Today, I found more evidence of my hypothesis. Droves of unplugged Swedes flooded the natural areas of the city to disconnect from their digital lives and experience the real world with real friends.
Occasionally, I see glimmers of hope for our species.
Walking around Stockholm, there was something immediately obvious: this was not one of the homogeneous societies I had become accustomed to. In Korea, one of the most ethnically homogeneous countries in the world, it was strange to see anyone who didn’t look predictably Korean. I even developed an eye for spotting facial differences between Chinese, Japanese, and Koreans. As I passed through Mongolia, I couldn’t help but think that everyone looked like the stereotypical Mongol, and their shared heritage with Ghengis Khan and the Mongol empire is a proud one. Once I crossed into Russia, the faces made an abrupt change to the expected sharp features and light skin. Even through Estonia, Finland, and northern Sweden and Norway, people overwhelmingly fit the European stereotype.
Stockholm was very different. Particularly in the area where my host lived, the train was full of people of dark skin, light skin, curly hair, straight hair, religious attire, thick beards, hard features, soft features, big eyes, small eyes, long noses, crooked noses, on and on. I heard languages from the all-too-familiar accentless American English to unidentifiable Middle Eastern and African dialects.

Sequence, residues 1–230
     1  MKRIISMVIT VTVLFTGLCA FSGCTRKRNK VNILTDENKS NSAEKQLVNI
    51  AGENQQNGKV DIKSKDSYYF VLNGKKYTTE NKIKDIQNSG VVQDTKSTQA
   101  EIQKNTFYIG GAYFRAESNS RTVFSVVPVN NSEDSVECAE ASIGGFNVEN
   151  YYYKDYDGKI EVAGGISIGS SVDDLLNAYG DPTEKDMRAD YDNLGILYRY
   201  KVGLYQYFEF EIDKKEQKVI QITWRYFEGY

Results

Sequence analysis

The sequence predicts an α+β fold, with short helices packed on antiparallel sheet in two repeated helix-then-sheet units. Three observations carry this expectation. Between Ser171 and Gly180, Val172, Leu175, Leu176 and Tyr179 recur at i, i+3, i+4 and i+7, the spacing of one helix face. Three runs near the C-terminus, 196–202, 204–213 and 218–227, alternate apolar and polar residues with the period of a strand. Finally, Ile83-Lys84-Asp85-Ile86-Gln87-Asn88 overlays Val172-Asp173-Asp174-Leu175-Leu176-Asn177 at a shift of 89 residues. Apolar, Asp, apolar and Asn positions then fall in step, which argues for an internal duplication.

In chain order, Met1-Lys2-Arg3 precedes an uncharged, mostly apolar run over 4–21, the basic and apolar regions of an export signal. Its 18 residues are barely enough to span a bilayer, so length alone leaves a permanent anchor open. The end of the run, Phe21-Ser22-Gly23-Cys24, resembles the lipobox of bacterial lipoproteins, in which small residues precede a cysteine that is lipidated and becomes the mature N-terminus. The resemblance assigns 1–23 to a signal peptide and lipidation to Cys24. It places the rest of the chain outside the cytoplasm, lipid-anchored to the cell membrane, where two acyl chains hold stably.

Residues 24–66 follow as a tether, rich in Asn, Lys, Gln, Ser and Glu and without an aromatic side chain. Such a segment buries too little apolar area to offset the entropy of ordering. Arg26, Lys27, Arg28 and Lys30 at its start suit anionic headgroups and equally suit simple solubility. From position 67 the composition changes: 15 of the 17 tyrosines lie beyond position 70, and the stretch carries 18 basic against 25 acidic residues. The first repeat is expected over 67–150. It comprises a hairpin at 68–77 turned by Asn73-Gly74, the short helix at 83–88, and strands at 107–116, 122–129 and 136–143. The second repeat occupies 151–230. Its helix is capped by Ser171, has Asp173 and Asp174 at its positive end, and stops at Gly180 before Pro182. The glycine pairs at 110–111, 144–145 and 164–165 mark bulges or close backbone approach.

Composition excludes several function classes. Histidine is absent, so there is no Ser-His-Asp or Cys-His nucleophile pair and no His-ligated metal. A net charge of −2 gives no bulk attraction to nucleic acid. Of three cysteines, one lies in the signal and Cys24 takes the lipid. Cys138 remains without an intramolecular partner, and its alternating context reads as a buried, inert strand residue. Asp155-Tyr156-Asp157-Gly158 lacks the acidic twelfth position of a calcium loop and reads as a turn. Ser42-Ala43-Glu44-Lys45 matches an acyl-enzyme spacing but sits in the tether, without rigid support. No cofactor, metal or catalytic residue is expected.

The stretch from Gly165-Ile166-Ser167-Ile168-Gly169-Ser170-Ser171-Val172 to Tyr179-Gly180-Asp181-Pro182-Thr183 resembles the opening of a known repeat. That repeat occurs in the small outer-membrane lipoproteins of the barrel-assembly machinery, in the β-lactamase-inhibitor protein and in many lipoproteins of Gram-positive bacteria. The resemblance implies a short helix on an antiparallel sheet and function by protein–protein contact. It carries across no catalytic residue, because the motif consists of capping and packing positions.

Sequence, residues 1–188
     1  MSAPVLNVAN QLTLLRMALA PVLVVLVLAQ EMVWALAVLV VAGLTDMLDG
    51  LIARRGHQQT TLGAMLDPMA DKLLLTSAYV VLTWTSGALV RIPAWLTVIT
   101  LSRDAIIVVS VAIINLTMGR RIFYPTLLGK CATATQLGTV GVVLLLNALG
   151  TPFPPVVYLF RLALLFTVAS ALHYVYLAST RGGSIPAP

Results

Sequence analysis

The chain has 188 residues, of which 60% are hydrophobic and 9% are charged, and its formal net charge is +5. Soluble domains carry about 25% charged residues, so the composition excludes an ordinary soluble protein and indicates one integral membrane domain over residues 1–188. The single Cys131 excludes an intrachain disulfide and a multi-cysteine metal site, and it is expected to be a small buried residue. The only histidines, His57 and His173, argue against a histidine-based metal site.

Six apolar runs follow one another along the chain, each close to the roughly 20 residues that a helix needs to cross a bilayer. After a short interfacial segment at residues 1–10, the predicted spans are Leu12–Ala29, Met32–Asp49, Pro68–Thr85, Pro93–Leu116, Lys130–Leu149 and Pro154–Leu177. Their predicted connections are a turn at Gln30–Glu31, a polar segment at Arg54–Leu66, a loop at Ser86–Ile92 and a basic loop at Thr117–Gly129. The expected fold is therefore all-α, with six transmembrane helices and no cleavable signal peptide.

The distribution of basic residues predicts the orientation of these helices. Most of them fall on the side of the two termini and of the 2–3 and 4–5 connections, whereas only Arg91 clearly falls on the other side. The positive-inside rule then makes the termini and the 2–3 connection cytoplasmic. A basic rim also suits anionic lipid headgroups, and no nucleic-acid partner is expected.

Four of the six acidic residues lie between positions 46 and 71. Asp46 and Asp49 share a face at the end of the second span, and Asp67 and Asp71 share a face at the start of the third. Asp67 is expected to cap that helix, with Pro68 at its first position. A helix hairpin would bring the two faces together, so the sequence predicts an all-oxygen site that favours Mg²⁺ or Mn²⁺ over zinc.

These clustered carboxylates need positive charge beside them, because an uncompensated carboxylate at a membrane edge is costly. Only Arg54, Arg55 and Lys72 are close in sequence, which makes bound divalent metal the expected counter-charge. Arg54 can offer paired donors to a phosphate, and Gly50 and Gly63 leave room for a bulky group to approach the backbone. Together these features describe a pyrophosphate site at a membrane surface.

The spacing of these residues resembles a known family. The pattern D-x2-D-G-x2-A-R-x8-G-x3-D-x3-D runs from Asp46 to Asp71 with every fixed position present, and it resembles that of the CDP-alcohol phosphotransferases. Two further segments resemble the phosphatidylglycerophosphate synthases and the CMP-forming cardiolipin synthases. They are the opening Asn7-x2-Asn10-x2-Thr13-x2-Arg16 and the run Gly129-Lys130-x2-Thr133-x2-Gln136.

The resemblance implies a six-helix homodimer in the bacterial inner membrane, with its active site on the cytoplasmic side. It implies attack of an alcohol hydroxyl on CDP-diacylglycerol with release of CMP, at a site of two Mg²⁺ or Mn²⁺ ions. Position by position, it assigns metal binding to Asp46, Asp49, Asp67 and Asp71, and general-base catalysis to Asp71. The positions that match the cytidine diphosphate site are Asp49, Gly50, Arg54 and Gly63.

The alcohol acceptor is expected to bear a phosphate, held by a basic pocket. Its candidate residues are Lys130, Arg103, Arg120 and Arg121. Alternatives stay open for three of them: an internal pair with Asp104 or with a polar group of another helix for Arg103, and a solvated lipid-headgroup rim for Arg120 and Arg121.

This was exactly the feature I was on the lookout for when I arrived in Sweden. With the rise of anti-immigration sentiment across the US and Europe, there has been a lot of rhetoric coming through the media about the dangers of Sweden’s open-door policy. Sweden and Germany were taking the lead in hospitality toward the refugees fleeing the exceedingly violent Middle East. It seems, though, that people are fearing that Sweden has reached its limit.
The rise of the Sweden Democrats, a political party with roots in the Nazi Party, illustrates the rapidly changing opinions toward immigration. Recent legislation has clamped down on immigration numbers, reverting to an “EU minimum.” (I’m still trying to determine exactly what that means.) Border security has risen with officials checking documents of even the Swedes, Norwegians, and Danes who commute daily across what had been invisible borders.